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Tuesday
May172011

Master Planning

 

By Charles Haar

The Master Plan, or Comprehensive Plan, is the planning document which gives a general framework which includes planning for the development of downtown, or the center city, area. Charles Haar1 has referred to the master plan as a form of “impermanent constitution.” Its purpose is to lay out a future for an area, and to provide reasonable certainty and predictability for potential investors.

The purposes of a master plan are numerous. The master plan should give direction for positive change, indicating how much and what kind of development is appropriate, and what is not. It should also give guidance for day-to-day decisions by city officials, since the planning commission and city council cannot and should not handle all the details of the development process. It should suggest the impact of changes over time. The plan can give better visual definition to the downtown—recommending height restrictions and setbacks, for example. It should include a plan for the regeneration of older, blighted areas, and also give outlines for concerns of historic character and the preservation of historic fabric. The master plan should deal with the timing of development, suggesting an appropriate time frame for the development or redevelopment of various areas. Finally, the plan should serve as a document for the common citizen to understand proposed changes and put them in a proper context, and it should define obligations for city officials and those that follow on appropriate decision-making.

Traditionally, the characteristics of a master plan are that it plans for the physical development of the downtown, that it is future oriented, and that it is geographically inclusive and looks at the entire downtown or center city. Elements of the plan will include a designation of permitted land uses, development of public facilities, and an analysis or transportation and circulation patterns. Such master plans are usually developed using the “rational planning process,” a process that includes the following steps.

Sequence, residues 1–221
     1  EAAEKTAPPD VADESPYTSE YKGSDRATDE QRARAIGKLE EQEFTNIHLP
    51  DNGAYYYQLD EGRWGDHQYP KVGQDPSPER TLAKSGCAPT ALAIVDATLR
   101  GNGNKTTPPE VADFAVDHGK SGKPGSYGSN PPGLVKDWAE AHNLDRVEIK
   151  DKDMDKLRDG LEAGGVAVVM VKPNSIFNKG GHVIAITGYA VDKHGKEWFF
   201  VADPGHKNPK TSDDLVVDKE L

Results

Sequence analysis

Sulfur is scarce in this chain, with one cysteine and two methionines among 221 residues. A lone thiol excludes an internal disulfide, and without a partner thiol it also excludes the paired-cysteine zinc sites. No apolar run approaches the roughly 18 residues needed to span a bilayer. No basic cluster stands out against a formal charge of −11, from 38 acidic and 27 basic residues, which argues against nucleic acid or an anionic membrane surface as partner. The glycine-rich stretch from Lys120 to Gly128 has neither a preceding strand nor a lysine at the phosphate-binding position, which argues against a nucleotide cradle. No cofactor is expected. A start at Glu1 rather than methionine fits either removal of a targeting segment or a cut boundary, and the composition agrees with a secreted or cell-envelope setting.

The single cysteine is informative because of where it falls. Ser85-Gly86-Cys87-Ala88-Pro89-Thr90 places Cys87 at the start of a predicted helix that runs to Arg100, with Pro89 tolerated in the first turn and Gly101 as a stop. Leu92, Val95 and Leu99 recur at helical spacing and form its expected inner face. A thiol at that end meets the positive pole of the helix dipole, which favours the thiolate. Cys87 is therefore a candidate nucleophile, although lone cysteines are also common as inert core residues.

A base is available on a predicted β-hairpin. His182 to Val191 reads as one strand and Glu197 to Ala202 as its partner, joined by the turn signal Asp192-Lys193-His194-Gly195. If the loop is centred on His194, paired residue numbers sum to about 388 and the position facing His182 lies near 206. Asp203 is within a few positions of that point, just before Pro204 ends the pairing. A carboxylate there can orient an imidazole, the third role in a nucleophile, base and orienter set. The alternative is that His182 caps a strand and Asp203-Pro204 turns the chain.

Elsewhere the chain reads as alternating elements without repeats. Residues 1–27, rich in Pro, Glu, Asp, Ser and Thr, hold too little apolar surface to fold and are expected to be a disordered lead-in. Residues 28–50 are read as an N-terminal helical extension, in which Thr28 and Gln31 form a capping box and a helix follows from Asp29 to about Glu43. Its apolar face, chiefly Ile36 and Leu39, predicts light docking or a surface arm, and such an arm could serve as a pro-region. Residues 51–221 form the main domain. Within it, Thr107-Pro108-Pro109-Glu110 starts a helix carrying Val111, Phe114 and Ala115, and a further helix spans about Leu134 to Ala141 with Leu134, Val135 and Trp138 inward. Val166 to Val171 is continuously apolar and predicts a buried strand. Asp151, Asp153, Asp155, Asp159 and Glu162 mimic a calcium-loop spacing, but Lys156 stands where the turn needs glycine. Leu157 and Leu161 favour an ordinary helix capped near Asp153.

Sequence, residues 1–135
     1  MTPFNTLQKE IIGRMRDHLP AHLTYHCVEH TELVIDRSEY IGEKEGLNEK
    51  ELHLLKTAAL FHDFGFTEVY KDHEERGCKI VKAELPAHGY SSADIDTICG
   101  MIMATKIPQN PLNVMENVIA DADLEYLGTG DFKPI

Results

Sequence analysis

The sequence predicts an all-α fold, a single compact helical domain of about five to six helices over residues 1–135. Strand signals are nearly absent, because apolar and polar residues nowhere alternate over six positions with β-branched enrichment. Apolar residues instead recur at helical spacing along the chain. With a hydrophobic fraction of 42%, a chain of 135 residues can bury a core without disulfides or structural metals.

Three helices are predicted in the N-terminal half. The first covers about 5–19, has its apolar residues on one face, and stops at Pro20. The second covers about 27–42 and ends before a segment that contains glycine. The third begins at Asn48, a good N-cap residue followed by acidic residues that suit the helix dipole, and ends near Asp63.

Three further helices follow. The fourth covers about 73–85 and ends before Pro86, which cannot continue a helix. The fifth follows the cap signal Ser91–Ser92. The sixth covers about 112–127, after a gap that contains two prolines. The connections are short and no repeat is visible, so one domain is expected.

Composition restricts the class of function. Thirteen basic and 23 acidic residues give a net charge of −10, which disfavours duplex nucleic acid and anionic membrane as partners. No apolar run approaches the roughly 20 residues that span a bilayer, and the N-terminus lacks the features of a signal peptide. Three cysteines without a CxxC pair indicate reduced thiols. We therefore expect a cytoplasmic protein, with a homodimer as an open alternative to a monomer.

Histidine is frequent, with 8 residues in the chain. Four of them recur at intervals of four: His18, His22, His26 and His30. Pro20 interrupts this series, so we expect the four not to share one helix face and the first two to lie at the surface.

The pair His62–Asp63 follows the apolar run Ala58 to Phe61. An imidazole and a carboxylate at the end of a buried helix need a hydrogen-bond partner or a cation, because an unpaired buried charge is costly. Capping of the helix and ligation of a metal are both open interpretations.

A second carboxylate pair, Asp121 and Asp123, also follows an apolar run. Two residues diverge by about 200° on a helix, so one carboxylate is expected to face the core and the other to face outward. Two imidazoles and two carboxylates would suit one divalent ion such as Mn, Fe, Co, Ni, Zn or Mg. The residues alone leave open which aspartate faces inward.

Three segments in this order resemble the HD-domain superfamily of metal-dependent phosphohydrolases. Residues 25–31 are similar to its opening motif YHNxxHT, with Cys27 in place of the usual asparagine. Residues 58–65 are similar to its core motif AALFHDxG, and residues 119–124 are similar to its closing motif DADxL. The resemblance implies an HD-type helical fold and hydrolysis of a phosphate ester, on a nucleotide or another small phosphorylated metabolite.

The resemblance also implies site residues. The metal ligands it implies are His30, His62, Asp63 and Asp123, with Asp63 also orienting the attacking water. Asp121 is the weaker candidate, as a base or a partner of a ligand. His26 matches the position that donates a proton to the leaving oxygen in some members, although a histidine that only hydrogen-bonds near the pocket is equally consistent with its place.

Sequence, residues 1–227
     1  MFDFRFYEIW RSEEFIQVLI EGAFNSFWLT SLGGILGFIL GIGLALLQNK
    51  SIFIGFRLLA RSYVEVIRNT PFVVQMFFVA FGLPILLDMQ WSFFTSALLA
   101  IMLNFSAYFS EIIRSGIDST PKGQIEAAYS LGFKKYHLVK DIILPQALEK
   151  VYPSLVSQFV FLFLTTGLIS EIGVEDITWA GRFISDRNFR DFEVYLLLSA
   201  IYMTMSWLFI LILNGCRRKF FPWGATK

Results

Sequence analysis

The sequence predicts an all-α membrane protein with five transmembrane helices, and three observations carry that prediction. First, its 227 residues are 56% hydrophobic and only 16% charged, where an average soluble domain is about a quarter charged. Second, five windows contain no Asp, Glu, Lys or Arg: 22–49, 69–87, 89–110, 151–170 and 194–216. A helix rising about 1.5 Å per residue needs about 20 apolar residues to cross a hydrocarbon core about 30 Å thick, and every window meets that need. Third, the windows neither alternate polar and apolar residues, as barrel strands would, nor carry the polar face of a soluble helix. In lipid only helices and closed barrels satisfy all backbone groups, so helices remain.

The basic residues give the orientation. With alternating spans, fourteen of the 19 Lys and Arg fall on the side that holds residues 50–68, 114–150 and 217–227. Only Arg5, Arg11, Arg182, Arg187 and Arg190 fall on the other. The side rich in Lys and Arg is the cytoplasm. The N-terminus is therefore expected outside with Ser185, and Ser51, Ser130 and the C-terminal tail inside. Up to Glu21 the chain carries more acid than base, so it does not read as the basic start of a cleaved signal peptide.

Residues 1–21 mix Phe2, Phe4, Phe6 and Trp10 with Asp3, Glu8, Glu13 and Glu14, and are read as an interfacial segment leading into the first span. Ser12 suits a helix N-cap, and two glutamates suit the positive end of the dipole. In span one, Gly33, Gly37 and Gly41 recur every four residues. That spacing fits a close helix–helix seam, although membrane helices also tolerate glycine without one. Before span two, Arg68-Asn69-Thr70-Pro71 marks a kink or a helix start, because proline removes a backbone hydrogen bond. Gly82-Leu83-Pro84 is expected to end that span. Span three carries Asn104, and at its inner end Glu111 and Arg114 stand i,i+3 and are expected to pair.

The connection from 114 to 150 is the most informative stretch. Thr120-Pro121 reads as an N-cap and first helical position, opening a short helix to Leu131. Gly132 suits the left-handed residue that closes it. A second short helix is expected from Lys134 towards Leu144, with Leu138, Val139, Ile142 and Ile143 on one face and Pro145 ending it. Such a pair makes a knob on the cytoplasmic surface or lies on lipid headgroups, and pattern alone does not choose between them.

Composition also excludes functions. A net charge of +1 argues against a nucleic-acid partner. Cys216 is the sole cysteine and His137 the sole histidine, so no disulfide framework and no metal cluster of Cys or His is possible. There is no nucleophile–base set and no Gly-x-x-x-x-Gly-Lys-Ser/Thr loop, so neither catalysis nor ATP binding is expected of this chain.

• survey and analysis of data
  • make projections into future
  • develop goals for future growth
  • establish planning policies based on goals
What the Master Plan should do…

    Give direction for positive change while keeping livability (guide how much development)

    Give guidance for day-to-day decisions

    Give better visual definition physically (height restrictions, open space) analyze impact of new development (especially the impact of new roads, sewer lines)

    Give guidance for redevelopment of older areas (blight removal vs. historic rehabilitation)

    Set and encourage proper timing for redevelopment (indicating incentives to promote necessary services or uses — e.g. to promote key worker housing or incubate small business)

    Should be clear enough for common citizen to comprehend

    Should be considered an obligation for an elected official

     

    Master Planning with Craig Niles, Vince Berkout & Carlos Frias download right click-save